Press Release

NASA Plays Key Role in Largest Environmental Experiment in History

By SpaceRef Editor
July 28, 2004
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NASA Plays Key Role in Largest Environmental Experiment in History

Researchers from around the globe participating in the
world’s largest environmental science experiment, the Large-
Scale Biosphere Atmosphere Experiment in Amazonia (LBA),
will, fittingly, convene in Brazil this week.

From July 27-29, some 800 researchers will attend the Third
International Scientific Conference of the LBA in Brasilia,
Brazil, to discuss key findings on how the world’s largest
rainforest impacts the ecological health of Amazonia and the
world. Never before has so much information about the Amazon
been assembled for presentation at once.

LBA is partly funded by NASA. Also, scores of projects that
feed the Amazon experiment depend heavily on NASA’s vast
expertise in satellite information, computer modeling, and
providing infrastructure for large-scale field campaigns.

The overall experiment concentrates on how the Amazon forest
and land use changes within the region affect the atmosphere,
and regional and global climate. In turn, LBA also studies
how climate changes influence the biological, chemical and
physical functioning of the forest itself.

Topics discussed at the conference will include: the carbon
cycle, the water cycle, human land use, ecosystem processes
and human health, agricultural applications, and other topics
relating to the Amazon. The conference will also allow
researchers and Brazilian policy makers to discuss ways to
use LBA results to create public policies for the Amazon
region that foster a healthy environment and provide for
sustainable development.

NASA plays a key role in LBA research. Satellites provide
data for studying land use changes and their impacts on
climate. Scientists hope to learn more about the Amazon
forest’s role in sequestering carbon from the atmosphere.
Atmospheric carbon dioxide (CO2) traps heat and adds to
global warming. Plant life absorbs CO2 from the air during
photosynthesis and stores it in stems, leaves and roots. In
order to understand regional and global carbon balances,
researchers must quantify how much carbon is taken up by the
rainforest as well as how much is released back to the
atmosphere when forests are cleared or burned.

In the Amazon, deforestation, selective logging, fires and
forest re-growth all play major roles in the carbon balance.
In the Brazilian Amazon region alone, annual clear-cutting
and burning of forests cover about 20,000 square kilometers
(7,700 square miles or about the area of New Jersey). NASA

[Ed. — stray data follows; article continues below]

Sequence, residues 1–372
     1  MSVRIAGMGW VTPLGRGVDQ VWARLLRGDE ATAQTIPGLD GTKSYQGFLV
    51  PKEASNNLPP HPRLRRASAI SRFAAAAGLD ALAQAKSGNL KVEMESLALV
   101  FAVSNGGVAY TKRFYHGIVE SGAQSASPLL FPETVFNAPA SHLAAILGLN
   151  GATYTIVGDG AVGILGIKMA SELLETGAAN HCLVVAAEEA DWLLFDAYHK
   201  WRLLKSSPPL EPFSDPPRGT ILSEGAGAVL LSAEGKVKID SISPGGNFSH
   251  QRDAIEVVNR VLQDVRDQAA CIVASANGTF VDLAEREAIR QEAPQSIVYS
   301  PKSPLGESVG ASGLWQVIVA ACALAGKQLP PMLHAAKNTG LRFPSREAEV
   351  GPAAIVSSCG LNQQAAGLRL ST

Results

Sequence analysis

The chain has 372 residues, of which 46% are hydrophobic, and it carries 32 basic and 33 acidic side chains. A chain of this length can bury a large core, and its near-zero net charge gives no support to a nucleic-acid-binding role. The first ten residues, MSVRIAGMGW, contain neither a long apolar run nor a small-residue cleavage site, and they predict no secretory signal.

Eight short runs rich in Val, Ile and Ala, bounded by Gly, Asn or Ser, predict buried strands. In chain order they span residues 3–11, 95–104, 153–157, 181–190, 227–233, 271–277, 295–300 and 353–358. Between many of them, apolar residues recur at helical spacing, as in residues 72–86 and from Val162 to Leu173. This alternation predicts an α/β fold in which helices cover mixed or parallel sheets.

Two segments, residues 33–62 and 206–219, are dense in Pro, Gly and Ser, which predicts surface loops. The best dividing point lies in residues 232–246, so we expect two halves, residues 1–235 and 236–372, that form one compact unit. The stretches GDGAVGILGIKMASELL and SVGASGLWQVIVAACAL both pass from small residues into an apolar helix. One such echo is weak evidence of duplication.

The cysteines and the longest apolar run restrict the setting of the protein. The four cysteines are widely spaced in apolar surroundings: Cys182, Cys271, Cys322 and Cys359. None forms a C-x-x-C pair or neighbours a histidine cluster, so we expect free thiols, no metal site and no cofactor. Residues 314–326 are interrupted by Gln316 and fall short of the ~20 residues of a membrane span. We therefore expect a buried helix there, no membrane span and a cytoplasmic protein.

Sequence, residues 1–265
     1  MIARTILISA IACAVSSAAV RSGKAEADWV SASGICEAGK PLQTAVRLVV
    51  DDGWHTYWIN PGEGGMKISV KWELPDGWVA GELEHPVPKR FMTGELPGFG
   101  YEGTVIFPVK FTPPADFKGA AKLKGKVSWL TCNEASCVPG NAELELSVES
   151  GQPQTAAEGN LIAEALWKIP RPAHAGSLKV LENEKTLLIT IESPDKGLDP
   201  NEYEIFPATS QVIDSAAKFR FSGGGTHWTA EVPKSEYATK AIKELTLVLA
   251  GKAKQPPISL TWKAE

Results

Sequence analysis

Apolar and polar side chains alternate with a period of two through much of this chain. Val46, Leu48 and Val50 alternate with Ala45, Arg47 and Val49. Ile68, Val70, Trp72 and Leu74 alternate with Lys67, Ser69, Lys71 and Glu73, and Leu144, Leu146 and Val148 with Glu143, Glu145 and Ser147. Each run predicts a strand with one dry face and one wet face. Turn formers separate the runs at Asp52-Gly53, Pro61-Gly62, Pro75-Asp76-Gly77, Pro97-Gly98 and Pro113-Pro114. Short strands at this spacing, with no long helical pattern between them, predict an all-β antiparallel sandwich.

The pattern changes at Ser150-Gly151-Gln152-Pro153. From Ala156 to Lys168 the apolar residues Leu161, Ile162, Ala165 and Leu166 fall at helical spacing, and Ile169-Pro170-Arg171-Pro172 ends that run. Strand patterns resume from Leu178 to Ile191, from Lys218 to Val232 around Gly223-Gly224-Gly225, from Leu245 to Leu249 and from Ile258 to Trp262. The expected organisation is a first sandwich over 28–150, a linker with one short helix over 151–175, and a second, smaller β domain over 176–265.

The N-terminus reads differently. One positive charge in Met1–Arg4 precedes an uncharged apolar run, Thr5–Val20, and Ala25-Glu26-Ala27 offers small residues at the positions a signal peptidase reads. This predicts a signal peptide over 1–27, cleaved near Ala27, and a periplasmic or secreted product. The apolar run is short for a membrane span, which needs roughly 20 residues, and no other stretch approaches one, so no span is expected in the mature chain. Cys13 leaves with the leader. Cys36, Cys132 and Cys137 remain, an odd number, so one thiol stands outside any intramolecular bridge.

data products from various instruments on the Landsat series
of satellites have documented the history of deforestation in
the Amazon since the 1970s. LBA researchers have found ways
to measure both logging area and logging damage using Landsat
and experimental new sensors on NASA’s EO-1 satellite.

Ecosystem models and NASA’s Moderate Resolution Imaging
Spectroradiometer (MODIS) instrument aboard the Terra and
Aqua satellites have helped scientists understand how the
exchange of carbon between the forest and atmosphere differs
over the course of the year. Also, LBA studies have found
forest uptake of CO2 is not enough to keep pace with carbon
that is returned to the atmosphere when forests are cut.

Burning practices to clear fields for farming often result in
fires spreading to adjacent forests. These large fires create
air pollution and can contribute to respiratory problems in
people. Thick smoke has forced airports to close, and has
caused highway accidents. Satellite retrievals of
concentrations of airborne particles from NASA’s MODIS
instrument have been used by Brazil’s Center for Weather
Prediction and Climate Studies to create models that can
predict fire risk and smoke transport in near-real time.

Satellite data also help scientists study how particles from
fires impact climate and weather. These particles, known as
aerosols, can both heat and cool the air, depending on size,
shape and color.

Scheduled to end in 2006, LBA is considered an international
scientific success, with 61 projects completed and 59 in
progress. The efforts include more than 1,000 researchers
from institutions in Brazil, the United States, eight
European countries and several other countries of the Amazon
Basin (Venezuela, Peru, Bolivia, Colombia and Ecuador). LBA
is financed by Brazilian funding agencies, NASA and the
European Union.

For information and images about this research on the
Internet, visit:

SpaceRef staff editor.